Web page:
The early hour

The Seckel Pear. Just a tad bigger than a ping pong ball.

The Seckel Pear. Just a tad bigger than a ping pong ball.

Yesterday morning my phone alarm rudely awoke me at 5:30 AM. I closed my eyes tightly and let out two brief sobs. Then I made three deals with myself about how I could conceivably get up later and still accomplish the day's goals. And then I got up -- because the deal-making means I was already pretty much awake.

In the darkness of my bedroom I put on jeans, a long-sleeved t-shirt, and a hoodie. I grabbed a pair of socks and my tennis shoes and joined the dog in the living room. She barely looked up. 

Keys, purse, list . . . and I was out the door into the freezing cold AND RAIN. The truck's exterior temp read 39. I sobbed three more times, quickly, and then backed out of the driveway. By the time I'd driven the four miles to the grocery store I'd pulled myself together. 

Have you ever grocery shopped at 5:45 AM? It's revelatory. It's like someone opened the store JUST for YOU. A private showing. The person manning the in-store Starbucks looks at you expectantly. There's no line! The aisles are empty, save for the stockers, who are pulling out armfuls of fresh product, again, JUST for YOU. The lights are dimmed. The music plays a little louder than usual. It's optimal shopping conditions -- take my word for it.

So there I was -- me and my Thanksgiving list -- and thousands and thousands of sparkling bottles and cans and packages. I hemmed and hawed at the produce. I sat my cart square in the middle of the apples and oranges and walked clear over to get the green bell pepper I'd forgot on my first pass through. I carefully stacked the items in my cart for maximum space allowance. I even bought a bag full of Seckel Pears to use for placecard holders. Seckel Pears! What even are those?

For a full hour I moved from aisle to aisle. Two turkeys, four cans of pumpkin (because I have a fear of a pumpkin shortage), bacon, canned cranberry sauce (that's the way I like it), cream cheese, feta, eggs, panko . . . you name it. The cart piled higher and higher. I had pick of the litter. The cream of the crop. There might have been singing in the aisles.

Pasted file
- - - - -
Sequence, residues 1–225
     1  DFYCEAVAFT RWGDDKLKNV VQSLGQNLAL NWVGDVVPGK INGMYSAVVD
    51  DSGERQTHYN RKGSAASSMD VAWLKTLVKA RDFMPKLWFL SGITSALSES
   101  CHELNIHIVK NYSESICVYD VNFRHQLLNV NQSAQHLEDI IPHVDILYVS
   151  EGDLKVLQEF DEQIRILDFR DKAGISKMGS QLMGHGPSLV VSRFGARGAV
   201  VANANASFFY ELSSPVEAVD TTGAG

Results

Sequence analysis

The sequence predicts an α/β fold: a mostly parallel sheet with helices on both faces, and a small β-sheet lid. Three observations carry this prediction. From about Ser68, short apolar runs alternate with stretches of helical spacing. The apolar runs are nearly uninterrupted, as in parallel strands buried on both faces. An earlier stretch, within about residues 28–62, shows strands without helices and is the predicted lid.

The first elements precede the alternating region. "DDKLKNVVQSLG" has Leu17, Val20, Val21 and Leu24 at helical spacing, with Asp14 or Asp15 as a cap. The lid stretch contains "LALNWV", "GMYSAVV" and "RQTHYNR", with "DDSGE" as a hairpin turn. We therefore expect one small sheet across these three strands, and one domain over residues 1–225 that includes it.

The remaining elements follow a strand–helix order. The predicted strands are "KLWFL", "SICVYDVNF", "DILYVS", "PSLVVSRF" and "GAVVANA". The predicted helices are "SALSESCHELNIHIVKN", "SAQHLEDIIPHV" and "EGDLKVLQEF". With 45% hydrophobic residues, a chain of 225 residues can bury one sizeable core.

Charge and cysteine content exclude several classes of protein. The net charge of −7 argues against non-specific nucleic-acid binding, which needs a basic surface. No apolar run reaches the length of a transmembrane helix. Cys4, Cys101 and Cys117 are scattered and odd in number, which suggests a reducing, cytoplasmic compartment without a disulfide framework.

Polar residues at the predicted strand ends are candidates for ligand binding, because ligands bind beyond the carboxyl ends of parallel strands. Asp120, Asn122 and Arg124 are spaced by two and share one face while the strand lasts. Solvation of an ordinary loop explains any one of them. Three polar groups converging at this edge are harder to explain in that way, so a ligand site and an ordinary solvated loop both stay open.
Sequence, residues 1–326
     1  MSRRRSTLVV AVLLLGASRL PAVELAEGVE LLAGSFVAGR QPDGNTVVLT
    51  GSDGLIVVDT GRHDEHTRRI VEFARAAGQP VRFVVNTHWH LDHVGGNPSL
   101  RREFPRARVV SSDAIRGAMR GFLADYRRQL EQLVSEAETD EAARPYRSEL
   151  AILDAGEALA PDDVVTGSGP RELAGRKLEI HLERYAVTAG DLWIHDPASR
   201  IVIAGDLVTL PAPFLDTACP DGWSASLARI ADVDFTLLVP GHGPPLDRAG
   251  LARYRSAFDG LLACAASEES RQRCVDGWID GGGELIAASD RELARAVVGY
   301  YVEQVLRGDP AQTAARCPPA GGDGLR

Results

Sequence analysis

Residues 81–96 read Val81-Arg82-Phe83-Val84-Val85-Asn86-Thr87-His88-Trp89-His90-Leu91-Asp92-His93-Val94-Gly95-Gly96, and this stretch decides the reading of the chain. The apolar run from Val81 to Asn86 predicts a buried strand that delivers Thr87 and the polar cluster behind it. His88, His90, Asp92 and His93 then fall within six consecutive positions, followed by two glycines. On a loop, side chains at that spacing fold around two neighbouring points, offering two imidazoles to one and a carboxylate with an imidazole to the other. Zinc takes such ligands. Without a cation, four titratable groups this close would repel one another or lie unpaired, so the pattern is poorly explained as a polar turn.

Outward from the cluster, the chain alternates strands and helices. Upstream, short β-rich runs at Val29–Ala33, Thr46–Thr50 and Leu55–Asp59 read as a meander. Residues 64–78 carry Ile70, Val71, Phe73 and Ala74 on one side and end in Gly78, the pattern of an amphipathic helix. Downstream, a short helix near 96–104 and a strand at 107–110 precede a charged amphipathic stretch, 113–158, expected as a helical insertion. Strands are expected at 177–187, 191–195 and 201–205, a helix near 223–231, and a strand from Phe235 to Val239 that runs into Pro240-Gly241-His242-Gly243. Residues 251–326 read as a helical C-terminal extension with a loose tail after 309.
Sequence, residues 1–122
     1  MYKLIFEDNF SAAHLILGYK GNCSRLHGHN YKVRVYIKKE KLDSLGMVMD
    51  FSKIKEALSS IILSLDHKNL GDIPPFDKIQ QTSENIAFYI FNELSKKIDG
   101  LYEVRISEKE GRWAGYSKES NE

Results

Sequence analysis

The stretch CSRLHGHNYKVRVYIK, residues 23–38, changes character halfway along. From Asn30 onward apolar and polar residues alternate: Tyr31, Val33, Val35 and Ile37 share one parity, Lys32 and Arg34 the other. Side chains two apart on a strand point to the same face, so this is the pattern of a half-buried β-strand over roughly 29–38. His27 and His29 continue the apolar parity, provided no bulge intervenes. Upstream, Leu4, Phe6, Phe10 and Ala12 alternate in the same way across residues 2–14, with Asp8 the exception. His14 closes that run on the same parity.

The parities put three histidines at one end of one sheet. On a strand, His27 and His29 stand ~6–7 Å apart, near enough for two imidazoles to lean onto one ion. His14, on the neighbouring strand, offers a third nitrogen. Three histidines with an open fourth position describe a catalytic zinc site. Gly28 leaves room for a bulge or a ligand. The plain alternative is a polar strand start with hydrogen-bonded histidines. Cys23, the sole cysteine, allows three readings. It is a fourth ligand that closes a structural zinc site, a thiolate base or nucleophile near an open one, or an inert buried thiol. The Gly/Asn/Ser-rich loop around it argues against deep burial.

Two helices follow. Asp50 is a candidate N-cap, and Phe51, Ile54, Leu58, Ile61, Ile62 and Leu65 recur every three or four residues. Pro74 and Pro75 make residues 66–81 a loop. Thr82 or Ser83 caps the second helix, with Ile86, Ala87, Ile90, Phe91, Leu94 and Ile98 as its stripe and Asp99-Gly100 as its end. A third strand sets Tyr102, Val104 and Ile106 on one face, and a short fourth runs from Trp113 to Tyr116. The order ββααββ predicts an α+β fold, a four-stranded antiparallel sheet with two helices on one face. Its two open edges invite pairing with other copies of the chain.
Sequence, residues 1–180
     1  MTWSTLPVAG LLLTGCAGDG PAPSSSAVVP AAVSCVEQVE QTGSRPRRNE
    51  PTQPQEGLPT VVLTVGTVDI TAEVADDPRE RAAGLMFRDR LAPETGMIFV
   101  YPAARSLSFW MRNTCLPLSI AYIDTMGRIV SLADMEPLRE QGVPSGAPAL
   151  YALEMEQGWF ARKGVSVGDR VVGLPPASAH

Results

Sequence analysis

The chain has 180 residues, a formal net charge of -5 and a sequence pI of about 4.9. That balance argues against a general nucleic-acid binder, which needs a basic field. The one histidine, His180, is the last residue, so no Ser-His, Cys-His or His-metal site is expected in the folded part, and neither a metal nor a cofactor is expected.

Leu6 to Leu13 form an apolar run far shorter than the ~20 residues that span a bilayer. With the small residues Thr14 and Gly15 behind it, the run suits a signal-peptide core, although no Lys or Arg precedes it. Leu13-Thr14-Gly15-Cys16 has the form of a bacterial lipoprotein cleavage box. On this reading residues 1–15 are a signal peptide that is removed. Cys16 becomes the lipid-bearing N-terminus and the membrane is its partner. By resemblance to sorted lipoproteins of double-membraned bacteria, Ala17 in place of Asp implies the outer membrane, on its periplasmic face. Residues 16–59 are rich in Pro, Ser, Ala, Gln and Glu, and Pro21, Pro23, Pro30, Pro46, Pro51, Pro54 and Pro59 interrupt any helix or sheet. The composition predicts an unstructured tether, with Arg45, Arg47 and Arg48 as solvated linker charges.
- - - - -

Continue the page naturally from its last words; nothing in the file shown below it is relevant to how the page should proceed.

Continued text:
After I was done shopping I made my way to the bank of registers. Deserted. A lone bag boy came sliding down the polished floor, telling me someone would be there to check me out on 12. No lines guys! Did you read that? No lines. Not another soul. After a slight problem finding a code for Seckel Pears, I abandoned my kingdom, heading home with my bounty. I'd warned Sterling the night before that I was going to wake him up and get his help with the carrying in and the putting away. But I didn't. Through the freezing drizzle, I lugged it all inside, strangling the life blood out of my arms with those vile plastic handles. I unloaded the sacks, making piles of produce, stacks of cans, sections for dairy and breads and baking ingredients. Then one by one (or sometimes three by three) I put everything away. Two turkeys in the refrigerator in the garage. The makings for cornbread next to the mixer. A few new spice bottles slotted into ABC order. No room in the produce drawers for the brussel sprouts or romaine lettuce.

And then, suddenly, the real day began. Exercise (can you even believe it?). Breakfast. Trip to the pediatrician. Back to start some cooking. People need lunch. And dinner. Three loads of dishes. Someone left wet laundry in the washer.

Guys, this is Thanksgiving. It's going to be hectic. My legs are already tired from standing too long on the kitchen tile. But even amidst the tired and the joy and the frustration and laughter, I did dance down the grocery aisles. And that's something.